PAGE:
(I'd argue that Red Wolf doesn't fit the Unknown's criterion of having super-human powers, nor do the Black Widow, the Black Knight, the Falcon, and probably a few others in this roll call. On the other hand, if she'd simply substituted the word "heroes," a great deal of non-powered humans from Earth would have been snagged, as well. How about putting it this way, instead: "...those possessing super-human powers, and their comrades"?)
And so the 24 players are chosen, and Part 1 of this series comes to a close.
Death is astonishingly glib in these scenes, which in hindsight is unusual behavior for a character who would in later appearances bide her time in silence while waiting for circumstances to turn in her favor.
Since whatever selection process the Grandmaster and the Unknown are using to choose their players has been sidestepped and most of the choices are made off-panel, the two beings could just as easily have selected their respective players without holding this cattle call and assembling every candidate in an orbiting arena. It seems clear that the reasoning boils down to nothing more than giving this series marquee value--which eventually comes across as disingenuous, as the remaining heroes play absolutely no further role in the story once the wheels are in motion and the eight teams of three are dispatched. Story plotters Mantlo, Gruenwald, and Steven Grant may have felt that a mix of twenty-four heroes in battle would still give readers enough bang for their buck, but the level of presumption here is disturbing.
As for the stakes of this story, it's not clear just why these heroes are in such dire straits. We know the stakes for the Grandmaster--but where the heroes are concerned, they don't seem to have a horse in this race other than the fact that they're compelled to participate, otherwise the people of Earth will remain in stasis forever. Consider: The goal is for either team of heroes to retrieve the sections of the Golden Globe; whichever team retrieves the most sections determines the winner, whether it's the Unknown or the Grandmaster. But to the heroes, whoever the victor turns out to be really doesn't matter, does it? In either outcome, the humans on Earth will be released from stasis. Why should either team care who finds the most sections, or who succeeds in returning with them? Why wage battle with each other in efforts to be the first to obtain their prize? In the end, the only one at risk is the Grandmaster, a being whose fate means nothing to the assembled heroes; indeed, it never occurs to them to even discuss the matter, even when both the Grandmaster and the Unknown sweeten the deal.
Parts 2 and 3, then, have the heroes arriving in their designated regions to begin their searches. None of them suggest joining forces to locate their section of the Golden Globe; in fact, many of them insist on operating alone, even when they're part of the same team, which almost guarantees that they'll run into someone from the opposing team who's also going solo, each determined to be the first to seize the object they seek.
In typical fashion, the resulting battles pit individuals of similar abilities against each other when possible--Wolverine vs. the Black Panther, Storm vs. Blitzkrieg, Daredevil vs. Iron Fist, Angel vs. Peregrine, Darkstar vs. Sunfire.
After much (truly pointless) battle, all pieces are retrieved and delivered to the game's primary opponents. But though the Grandmaster appears to be the victor, the heroes suspect that the Unknown may have rigged the game--and the Invisible Woman summons the courage to see this being revealed for who she is.
It's then that Death plays her hand, and reveals the "catch" of the Grandmaster's victory: even though Death loses, she ultimately wins, though technically this match must be declared a draw (as if Death cares at this point). Death yet retains an Elder as her prize; only the name of the deceased has changed, with the Collector instead of the Grandmaster walking away from this conflict.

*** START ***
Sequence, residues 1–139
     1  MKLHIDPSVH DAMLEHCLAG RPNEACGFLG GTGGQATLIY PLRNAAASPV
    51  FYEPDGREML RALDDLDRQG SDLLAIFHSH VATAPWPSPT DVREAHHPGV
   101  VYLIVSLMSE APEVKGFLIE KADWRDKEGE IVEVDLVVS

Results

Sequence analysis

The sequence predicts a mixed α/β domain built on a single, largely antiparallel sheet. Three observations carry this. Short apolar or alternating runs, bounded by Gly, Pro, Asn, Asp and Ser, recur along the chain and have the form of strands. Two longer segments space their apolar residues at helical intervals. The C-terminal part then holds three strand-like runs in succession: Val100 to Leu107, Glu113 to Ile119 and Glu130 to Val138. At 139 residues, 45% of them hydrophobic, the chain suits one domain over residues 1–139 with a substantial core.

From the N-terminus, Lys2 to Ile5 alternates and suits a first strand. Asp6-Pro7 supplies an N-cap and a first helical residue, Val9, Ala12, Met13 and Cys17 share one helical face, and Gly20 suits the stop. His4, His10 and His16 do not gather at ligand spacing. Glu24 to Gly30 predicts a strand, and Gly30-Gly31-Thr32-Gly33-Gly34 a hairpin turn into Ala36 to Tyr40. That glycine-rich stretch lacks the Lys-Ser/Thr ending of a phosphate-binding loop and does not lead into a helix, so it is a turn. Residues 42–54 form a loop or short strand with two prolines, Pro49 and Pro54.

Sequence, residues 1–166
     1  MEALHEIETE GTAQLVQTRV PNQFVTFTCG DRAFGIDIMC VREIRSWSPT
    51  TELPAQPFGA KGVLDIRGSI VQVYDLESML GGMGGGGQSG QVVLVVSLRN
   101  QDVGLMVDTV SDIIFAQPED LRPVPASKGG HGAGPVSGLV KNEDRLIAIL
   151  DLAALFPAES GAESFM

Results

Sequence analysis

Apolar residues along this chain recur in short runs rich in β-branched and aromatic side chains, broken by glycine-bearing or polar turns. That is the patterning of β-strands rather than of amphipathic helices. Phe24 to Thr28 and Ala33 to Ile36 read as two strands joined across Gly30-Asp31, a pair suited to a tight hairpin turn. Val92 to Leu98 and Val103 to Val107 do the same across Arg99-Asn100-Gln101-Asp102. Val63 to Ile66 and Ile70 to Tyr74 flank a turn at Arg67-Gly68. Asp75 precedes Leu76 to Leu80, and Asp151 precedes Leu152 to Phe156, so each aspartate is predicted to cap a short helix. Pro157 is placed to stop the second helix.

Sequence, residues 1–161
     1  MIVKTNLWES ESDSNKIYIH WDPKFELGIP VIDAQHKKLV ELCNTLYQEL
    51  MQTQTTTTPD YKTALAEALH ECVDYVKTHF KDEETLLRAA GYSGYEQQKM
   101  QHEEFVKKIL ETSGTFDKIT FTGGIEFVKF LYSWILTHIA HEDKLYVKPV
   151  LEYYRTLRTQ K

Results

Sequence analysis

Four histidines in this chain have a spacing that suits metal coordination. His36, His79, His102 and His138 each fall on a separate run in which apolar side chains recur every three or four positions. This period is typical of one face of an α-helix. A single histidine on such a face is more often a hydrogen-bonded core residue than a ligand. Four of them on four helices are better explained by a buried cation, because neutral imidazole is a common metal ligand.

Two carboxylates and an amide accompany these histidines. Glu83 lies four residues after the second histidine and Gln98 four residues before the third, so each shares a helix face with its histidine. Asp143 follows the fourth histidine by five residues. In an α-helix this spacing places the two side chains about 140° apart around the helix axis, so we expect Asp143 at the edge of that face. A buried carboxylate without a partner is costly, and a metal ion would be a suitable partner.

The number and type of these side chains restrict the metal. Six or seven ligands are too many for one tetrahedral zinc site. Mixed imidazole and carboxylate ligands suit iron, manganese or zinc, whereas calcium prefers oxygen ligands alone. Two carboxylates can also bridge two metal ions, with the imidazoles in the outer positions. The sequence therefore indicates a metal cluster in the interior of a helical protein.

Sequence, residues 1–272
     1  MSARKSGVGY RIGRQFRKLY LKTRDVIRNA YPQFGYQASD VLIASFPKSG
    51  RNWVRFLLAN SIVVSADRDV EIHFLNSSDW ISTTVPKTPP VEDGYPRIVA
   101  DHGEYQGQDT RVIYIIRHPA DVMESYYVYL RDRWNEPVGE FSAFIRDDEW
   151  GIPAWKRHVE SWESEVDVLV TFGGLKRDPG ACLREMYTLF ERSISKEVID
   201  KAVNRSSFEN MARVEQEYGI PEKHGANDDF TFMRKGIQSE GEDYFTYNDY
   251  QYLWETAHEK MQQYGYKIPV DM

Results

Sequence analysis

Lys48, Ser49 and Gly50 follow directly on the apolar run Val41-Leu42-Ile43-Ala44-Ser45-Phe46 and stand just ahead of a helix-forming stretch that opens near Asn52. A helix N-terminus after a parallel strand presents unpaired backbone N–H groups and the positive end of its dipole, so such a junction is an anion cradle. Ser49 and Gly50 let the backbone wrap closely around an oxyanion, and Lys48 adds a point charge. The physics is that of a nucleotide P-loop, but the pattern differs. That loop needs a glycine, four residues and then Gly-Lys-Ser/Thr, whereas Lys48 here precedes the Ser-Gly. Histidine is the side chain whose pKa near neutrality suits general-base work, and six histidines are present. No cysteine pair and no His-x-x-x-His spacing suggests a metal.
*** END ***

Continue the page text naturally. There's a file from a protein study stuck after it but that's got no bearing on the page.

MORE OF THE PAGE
Although the Collector may not want to celebrate his good fortune just yet, if Death's cold embrace of him and her departing words are any indication.
The heroes, fortunately, have nothing to complain about (except for those who were dragged to this arena for no reason except to cool their heels while this drama played out), sent on their way as if their involvement really didn't amount to anything. It's certainly hard to argue with that.
For what it's worth, this series received a follow-up in five years, within the annuals of both West Coast Avengers and The Avengers--where the Grandmaster is revealed to have played a greater game than anyone realized.
Thanks to a last-ditch gambit by Hawkeye, the Grandmaster is diverted from going through with his mad plan--and as a result, Death turns the tables on him, though her "punishment" is to exile him from her realm and thus return him to immortal life. Taking that into account, and despite the failure of his scheme to recreate the Big Bang, you could say that the Grandmaster eventually came out a winner in the events that the Contest of Champions set in motion, all things considered--outmaneuvering even Death in the final analysis.
Looking back, it's interesting to wonder how Contest of Champions could have been tweaked to deal in all the heroes in the arena, as we were initially led to believe would be the case. According to the compendium listing of heroes this series includes, there are 140 active heroes on the grid (though there seems to be at least three times that number in that two-page arena shot). We've already seen how awkward it is to isolate only twenty-four from that number and set them against each other--would involving all of them work in any way, without an adversary such as Thanos or the Kree to contend against? In terms of bringing everyone to the party, it's hard to top the 1965 FF Annual, which pulled off that kind of mass assemblage of super-powered opponents beautifully; but as far as hero vs. hero vs. hero on such a scale, we can probably instead use Civil War as an example of how well it works (or doesn't, as the case may be), a saga which at least included some decent character moments to chew on and avoided the spectacle aspect of Contest Of Champions.
At any rate, one final note: Wasn't it curious that the Watcher didn't show up to witness this event? All the heroes of Earth, disappearing from the planet and forced to participate in an event beyond their control? Perhaps the Watcher realized before any of us that the situation wasn't as eventful as it appeared to be at first glance.
As of mid-1982, the complete listing of Marvel heroes!
|Marvel Super Hero Contest of Champions #s 1-3 |
Script: Bill Mantlo
Pencils: John Romita Jr. (Pt. 1 additional art by Bob Layton)
Inks: Pablo Marcos
Letterer: Joe Rosen